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BSE testing and the positives to your cattle herd

Animal Health with Roy Lewis: Testing is still needed to demonstrate producers' due diligence

Proper testing can serve as a surveillance program to better understand what diseases kill livestock.

In Canada, we have to keep up our BSE testing numbers to maintain and improve our status as a “controlled (low-risk) BSE risk country.”

Along with testing to determine if a suspicious or downer animal has BSE, as a side benefit the veterinarian conducting the autopsy and sample collection can also determine the cause of death if it is not otherwise evident.

It is important that beef producers realize that the National Bovine Spongiform Encephalopathy Surveillance Program is still performed. Since 2004 we have been just under the goal of testing 30,000 head per year across Canada. That may be due to the cow herd being smaller as well as healthier and younger, but we still need to strive collectively to seek out, test and autopsy all the dead, dying, down or diseased animals older than 30 months, as well as any showing obvious neurological disorders.

In the early days of BSE testing some producers worried what would happen if an animal tested positive. In that extremely rare event, only the pen mates of the suspect animal around the same age in the herd would be tested and potentially put down.

We are almost at the negligible BSE risk category since we haven’t had a new case since February 2015. Achieving the negligible risk category could significantly increase the number of countries importing beef. There could also be considerable savings at slaughter if the need to remove the specified risk materials (SRMs) was reduced or eliminated.

Important to keep testing

We need to continue testing cows to demonstrate our due diligence to the authorities, and in my mind everyone must do their part. Producers need to report the dead, dying, down or diseased cattle to their veterinarians, who should respond and get these cows tested.

There is no longer an upper limit on age, so cows 30 months and older are eligible for testing. There is no cost to the producer and there is even a $75 per head remuneration.

To me as a herd veterinarian, there are considerable benefits that go along with BSE testing. Your veterinarian gets to perform an autopsy and determine the animal’s cause of death.

A post-mortem may reveal a preventable disease with vaccinations such as blackleg, or a pneumonic condition or lungworms, to name a few. Until BSE testing, I never realized we had clostridium hemolyticum (redwater) in our area and it was likely killing a few cows. Autopsies may also reveal an aging condition such as thinness from lack of teeth, indicating an earlier culling protocol based on age and condition may be necessary.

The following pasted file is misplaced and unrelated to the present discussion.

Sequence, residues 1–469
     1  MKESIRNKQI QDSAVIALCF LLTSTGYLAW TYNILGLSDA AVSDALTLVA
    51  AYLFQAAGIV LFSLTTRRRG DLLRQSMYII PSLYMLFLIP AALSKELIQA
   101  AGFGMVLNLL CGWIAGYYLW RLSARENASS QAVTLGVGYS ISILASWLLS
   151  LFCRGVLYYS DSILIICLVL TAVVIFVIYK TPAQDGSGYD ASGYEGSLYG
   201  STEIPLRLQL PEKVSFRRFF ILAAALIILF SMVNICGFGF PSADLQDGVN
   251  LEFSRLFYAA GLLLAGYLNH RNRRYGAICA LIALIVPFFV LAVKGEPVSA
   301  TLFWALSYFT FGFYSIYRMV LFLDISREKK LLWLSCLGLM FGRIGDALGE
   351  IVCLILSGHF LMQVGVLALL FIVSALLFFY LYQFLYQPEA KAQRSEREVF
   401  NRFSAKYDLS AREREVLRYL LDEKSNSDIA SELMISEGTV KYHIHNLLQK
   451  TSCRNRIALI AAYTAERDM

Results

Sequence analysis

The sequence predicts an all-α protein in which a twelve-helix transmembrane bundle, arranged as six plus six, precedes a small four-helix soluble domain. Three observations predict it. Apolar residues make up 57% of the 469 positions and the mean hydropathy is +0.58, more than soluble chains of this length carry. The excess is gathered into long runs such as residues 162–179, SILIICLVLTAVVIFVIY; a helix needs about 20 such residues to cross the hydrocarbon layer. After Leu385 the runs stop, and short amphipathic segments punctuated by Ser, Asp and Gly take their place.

If pyelonephritis (a kidney infection) is discovered, perhaps earlier recognition and treatment with something like penicillin could have been successful. If Johnes disease is found, it might indicate earlier culling or testing be necessary and work at minimizing spread from cows to their nursing calves.

Before BSE testing stared in 2003 I could have probably counted on two hands how many post-mortems I had done on cows. Until a farmer lost two or more animals in very close succession, no one saw the need for an autopsy.

Now, knowing what is causing the losses it can help in herd management. I have had herds where TRP (hardware disease) was found and we could trace it back the source of metal. Good advice can be gleaned as to how to prevent this same situation. If TRP becomes more prevalent on a farm, rumen magnets can be used as a preventative measure. It all depends if the metal source is a ferric compound and attracted to a magnet.

Since the surveillance program pays the veterinarian $100 per test plus mileage to the farm, perhaps other procedures can be done or animals examined and no further mileage fees will be charged. And veterinary visits also help to establish the VCPR (veterinary-client patient relationship).

It is a multiple-win situation in my eyes. Veterinarians are fulfilling their mandate of testing mature suspect cows and bulls older than 30 months. In the same visit, producers can find the cause of death, establish a relationship with the veterinarian, get compensated about $75 and get the satisfaction of knowing they are helping keep Canada’s beef markets open.

Producers need to remember that every time a cow dies, BSE testing can be done. It is very unlikely there will be any BSE-positive tests, but the testing program can serve as a surveillance program to better understand what diseases are killing mature stock.

About the author


Roy Lewis is an Alberta-based veterinarian specializing in large-animal practice. He is also a part-time technical services vet for Merck Animal Health.



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